Resize!(matrix)

question

#1

is it possible to resize an Array with more than one dimension?

For example:

tmp1 = collect(1:6)
@show pointer(tmp1)

for i in 1:5
    resize!(tmp1, length(tmp1) + 2)
    @show pointer(tmp1)

    tmp2 = reshape(tmp1, 2, Int(length(tmp1) / 2))
    @show pointer(tmp2)

    # do something that requires tmp2 as a matrix
    # ...
end

gives me an cannot resize array with shared data error


#2

There is not. You have to create a new array and copy data to it, which is what any implementation of this functionality would have to do under the hood. There’s been a few discussions of supporting this, but the fact that it’s inherently so expensive has always steered the decision in favor of making the fact that it’s an expensive operation explicit. Another way to do this is to use a different data structure: a vector of vectors. For that data structure, adding or removing “columns” is cheap.


#3

the problem is that a vector of vectors does not have a contiguous memory layout any more.

I solved it exactly the way you described in my special case the size of the matrix does not change very often, so it is not a real problem for me.


#5

If I only need to resize the number of columns, and am OK requiring A = unsafe_resize!(A, m), is the following “safe”?

function unsafe_resize!(W::Matrix, m::Integer)
    if m == size(W,2)
        W
    else
        n=size(W,1)
        reshape(resize!(vec(W),n*m),n,m)
    end
end

#6

I’m pretty sure it’s not. If the original allocated array is not 1-dimensional, then I think the runtime assumes that it cannot be resized or moved. It would be possible to lift that restriction but it would be considerable work to make sure that’s not being relied on anywhere and that we don’t get performance regressions due to it no longer being guaranteed that a multidimensional array’s bounds won’t change.


#7

As long as you just need to resize the last dimension, ElasticArrays.jl might work for you.


#8

Ah OK, so I guess best to wrap a Vector with a custom matrix type.


#9

Shameless advertising: I’m preparing a package for this use case: ArraysOfArrays.jl. Most of the coding is done, I hope to have it ready for registration soon (still needs test code and some docs). You’re welcome to give the “dev” branch a try, I’d be happy to get some early feedback. ArraysOfArrays provides two types:

  • ArrayOfSimilarArrays: Provides things like a vector of vectors (all of same length), backed by a single multidimensional array. When backed by an ElasticArray, it supports resize!, etc. For the case of vector-of-vectors, there’s an alias VectorOfSimilarVectors.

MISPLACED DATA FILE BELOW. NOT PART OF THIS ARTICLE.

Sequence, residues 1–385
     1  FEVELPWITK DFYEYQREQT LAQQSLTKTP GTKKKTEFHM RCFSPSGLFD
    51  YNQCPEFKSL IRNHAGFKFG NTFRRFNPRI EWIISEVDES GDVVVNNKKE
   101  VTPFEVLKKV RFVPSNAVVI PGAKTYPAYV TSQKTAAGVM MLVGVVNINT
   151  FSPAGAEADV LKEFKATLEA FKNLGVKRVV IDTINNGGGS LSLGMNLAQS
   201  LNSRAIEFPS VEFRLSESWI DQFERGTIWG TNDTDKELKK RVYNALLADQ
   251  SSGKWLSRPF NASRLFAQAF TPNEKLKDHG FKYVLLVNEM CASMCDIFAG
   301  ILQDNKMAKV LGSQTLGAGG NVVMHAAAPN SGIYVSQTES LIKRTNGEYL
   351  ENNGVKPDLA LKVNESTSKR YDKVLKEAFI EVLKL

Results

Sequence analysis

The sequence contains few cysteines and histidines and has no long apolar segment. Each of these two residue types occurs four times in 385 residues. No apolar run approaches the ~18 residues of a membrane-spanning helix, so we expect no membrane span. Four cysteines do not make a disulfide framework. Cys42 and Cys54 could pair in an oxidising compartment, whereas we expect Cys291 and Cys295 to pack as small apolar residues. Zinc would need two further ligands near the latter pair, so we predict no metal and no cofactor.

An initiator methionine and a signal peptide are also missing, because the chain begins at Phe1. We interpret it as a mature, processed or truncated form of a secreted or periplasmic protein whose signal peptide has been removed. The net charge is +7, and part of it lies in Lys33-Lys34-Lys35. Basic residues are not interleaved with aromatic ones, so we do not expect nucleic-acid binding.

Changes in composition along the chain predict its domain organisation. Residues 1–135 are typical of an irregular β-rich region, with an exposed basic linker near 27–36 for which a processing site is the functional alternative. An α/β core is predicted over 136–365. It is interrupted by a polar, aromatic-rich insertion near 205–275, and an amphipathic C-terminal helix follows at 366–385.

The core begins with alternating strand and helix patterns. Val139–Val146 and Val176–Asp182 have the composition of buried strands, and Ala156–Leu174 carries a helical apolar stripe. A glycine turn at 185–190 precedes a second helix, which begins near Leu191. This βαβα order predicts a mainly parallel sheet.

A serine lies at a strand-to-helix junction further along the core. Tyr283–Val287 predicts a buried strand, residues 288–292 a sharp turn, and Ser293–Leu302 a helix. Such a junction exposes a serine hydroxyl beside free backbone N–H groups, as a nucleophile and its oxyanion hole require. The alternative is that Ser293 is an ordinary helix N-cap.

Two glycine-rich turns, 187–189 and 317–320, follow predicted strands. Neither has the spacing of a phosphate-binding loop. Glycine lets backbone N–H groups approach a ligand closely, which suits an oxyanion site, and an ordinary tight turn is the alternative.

• VectorOfArrays: A vector of arrays (of same number of dinensions, but different size), backed by a single vector. When backed by a standard Base.Vector (the default) it supports push!, etc. For the case vector-of-vectors, there’s an alias VectorOfVectors.

ArraysOfArrays.jl will support UnsafeArrays.@uview.


#10

Cool! FYI, this is along the same lines as PseudoBlockArray in BlockArrays.jl, though their use cases is slightly different.


#11

With PseudoBlockArray, the blocks have the same number of dimensions as the parent, though, right?


#12

Yes.


#13

Thanks for the hint, though, I knew BlockArrays.jl, but I missed PseudoBlockArray - it may come in very handy for some other things I need to do with arrays!


#14

I’m curious - why does PseudoBlockArray use copies instead of views on getindex?


#15

I don’t understand the question: calling getindex should call getindex


#16

Oops, sorry - I meant getblock, not getindex.


#17

How does this differ from RecursiveArrayTools.jl? Anything we can/should take up? It’s built specifically for the purpose of growing arrays and tensors one “column” at a time for DiffEq adaptive solutions but VectorOfArrays has been more generally useful.


#18

This is a very common operation to perform in high-performance computing. A package providing a matrix type with this functionality would be more than welcome. I asked the same question on SO some days ago.

EDIT: it seems ElasticArrays.jl does the job for resizing the matrix in the last dimension (columns).


#19

That’s probably an anachronism: use view(A, Block(1,2)) if you want a view of a block.


#20

Thanks!


#21

From what I understand (please correct me!), RecursiveArrayTools.VectorOfArray has the underlying data structure Vector{Array}, while ArraysOfArrays.VectorOfArrays is backed by a single, contiguous array. It’s data structure is more similar to SparseArray, internally.